You’ve just been given the best news! A friend of yours is going away for a week, and they’re leaving their adorable little pup with you! This is a genuine cause for celebration, but before you get to daydreaming, it’s definitely worth thinking about how you’re going to prepare for this coming week.
Pet-sitting is a huge responsibility, but when it comes to dogs in particular, there are of course responsibilities that may involve you leaving your house with your new puppy friend, as well as interacting with other unknown people and animals.
For this reason and more, it’s essential that you plan meticulously for your week as a doggy guardian. Use the tips outlined below to help you put together your checklist for dog-sitting.
1. Outline your emergency plan
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Pet owners know that not every veterinary clinic is open 24/7. In fact, it’s only emergency vet clinics that offer round-the-clock services, including appointment times on public holidays.
In the event that your pup is in need of emergency vet care, you’ll need to make sure you’re aware of the closest emergency vet clinic in your area. It’s also worthwhile equipping yourself with some knowledge of the most common warning signs that your dog may be in distress. Sometimes registering signs of distress early may mean the difference between life and death.
2. Prepare a space for your furry guest
Now that the heavy stuff is out of the way, you should turn your attention to making sure that there is a space in your home that’s just for your new companion.
Despite having a strong sense of their own position within their pack, dogs still need a space that they know is theirs and theirs alone. This demonstrates to them that they are a respected member of your family and your home. Having their own space can also be a form of comfort and security for your dog, especially if they find themselves in an unfamiliar environment.
You can prepare a private space for your doggy friend by placing their personal bed, bowls, and other belongings in a cosy corner of your home, and by giving your dog their meals in this space. If your dog also uses a crate, be sure to organise the space in accordance with their home set-up. For instance, if they eat in their crate at home, they’ll have to eat in their crate as they stay at your home too. Whatever normalcy you can retain in their routine, is likely to be of a great benefit here.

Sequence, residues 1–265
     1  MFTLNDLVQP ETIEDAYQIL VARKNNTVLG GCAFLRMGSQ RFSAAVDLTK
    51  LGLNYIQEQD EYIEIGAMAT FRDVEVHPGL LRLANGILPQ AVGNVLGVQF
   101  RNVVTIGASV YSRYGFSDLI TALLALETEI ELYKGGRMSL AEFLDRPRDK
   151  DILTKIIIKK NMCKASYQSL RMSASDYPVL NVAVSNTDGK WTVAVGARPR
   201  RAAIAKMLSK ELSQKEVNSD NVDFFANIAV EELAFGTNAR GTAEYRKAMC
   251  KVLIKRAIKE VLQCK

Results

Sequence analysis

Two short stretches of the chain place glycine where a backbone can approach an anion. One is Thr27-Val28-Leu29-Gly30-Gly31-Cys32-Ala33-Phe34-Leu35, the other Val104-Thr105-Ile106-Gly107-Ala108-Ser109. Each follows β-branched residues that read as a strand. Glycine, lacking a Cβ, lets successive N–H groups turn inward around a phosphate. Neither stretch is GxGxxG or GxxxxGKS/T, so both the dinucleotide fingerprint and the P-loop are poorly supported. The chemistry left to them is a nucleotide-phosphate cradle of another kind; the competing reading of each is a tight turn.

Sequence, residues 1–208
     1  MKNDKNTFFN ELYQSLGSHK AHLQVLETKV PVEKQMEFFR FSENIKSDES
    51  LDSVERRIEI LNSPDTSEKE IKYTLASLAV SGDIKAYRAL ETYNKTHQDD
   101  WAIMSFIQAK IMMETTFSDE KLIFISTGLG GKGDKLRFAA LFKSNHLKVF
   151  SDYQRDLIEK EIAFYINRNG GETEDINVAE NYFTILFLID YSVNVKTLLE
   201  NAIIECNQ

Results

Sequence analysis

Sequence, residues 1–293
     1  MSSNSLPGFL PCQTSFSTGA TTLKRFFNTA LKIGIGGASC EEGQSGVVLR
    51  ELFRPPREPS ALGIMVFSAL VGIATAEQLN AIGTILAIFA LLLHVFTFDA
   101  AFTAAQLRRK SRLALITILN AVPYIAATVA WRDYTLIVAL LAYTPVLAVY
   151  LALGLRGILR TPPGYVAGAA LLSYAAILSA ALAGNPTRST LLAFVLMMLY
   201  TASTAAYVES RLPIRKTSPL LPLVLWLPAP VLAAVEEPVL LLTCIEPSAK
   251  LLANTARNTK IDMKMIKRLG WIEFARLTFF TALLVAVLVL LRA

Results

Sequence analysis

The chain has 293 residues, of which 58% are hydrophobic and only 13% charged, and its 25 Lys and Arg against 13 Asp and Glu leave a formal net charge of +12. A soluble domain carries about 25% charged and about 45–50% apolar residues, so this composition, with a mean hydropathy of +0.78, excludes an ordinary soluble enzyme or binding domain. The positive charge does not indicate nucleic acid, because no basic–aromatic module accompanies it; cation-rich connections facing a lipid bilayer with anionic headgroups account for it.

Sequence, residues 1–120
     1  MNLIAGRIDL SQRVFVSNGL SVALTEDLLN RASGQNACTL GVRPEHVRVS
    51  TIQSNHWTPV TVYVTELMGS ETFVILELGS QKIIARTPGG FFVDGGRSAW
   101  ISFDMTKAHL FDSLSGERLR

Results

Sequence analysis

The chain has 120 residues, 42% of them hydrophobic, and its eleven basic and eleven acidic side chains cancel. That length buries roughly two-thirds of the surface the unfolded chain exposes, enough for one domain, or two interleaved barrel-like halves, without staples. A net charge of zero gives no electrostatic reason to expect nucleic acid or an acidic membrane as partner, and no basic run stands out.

3. Dog proof your home
Of course, it’s not enough to just dog proof your dog’s personal space in your home. Puppies can oftentimes get up to quite mischievous behaviour, and the last thing that you want is your friend’s dog ingesting anything they shouldn’t be under your watch.
You can dog proof your home by simply making sure that no tiny foreign objects litter the floors of all the interior spaces in your home. When it comes to kitchen, bathroom, and laundry spaces in particular, you want to make sure that there are no foods or cleaning chemicals within your dog’s reach or in any area that’s accessible to your dog. Taking the time to ensure that all hazards are removed will allow you to feel at ease whenever you leave your new companion at home.
4. Learn your ‘petiquette’
There is a certain way dogs and their owners are supposed to interact with one another when they’re out on walkies. Simply put, these expectations are called ‘petiquette’. Practicing petiquette generally consists of being mutually respectful and considerate of fellow dogs and owners in public spaces, and picking up on social cues that other dogs may be irritated or uncomfortable with any play activity.
If you’re new to doggy guardianship, you can book a little lesson with your local dog trainer, or take some time practicing taking your pup out on a walk with its owner, so that you can learn the ropes and practice petiquette under the eye of somebody who’s well-versed in that pup’s everyday behaviour.
It’s also worth mentioning that if you’re not totally comfortable that a dog isn’t following your commands, be sure not to let them off-leash outside of enclosed areas when out on walks. This isn’t just for that dog’s safety, but also for the safety of any other people or pups out for a stroll.
5. Be present and passionate
Finally, don’t forget to really enjoy spending all of this one-on-one time with your favourite pup! They’ll be away from their parent or parents, and you’ll be their largest pillar of support during this time of uncertainty.
Do your best to be a kind, present, and comforting guardian to them during this time. Give them adequate love and attention, and pick up their toys for a little playtime here and there too. Demonstrating that you’re happy to have them around will ensure that your puppy friend feels equally joyful and excited to be spending this time with you, rather than anxious that their owners aren’t around.
When crafting your dog-sitting checklist, be sure to make note of these five little tips, just to ensure that both you and your new puppy friend are feeling ready and comfortable with the week ahead.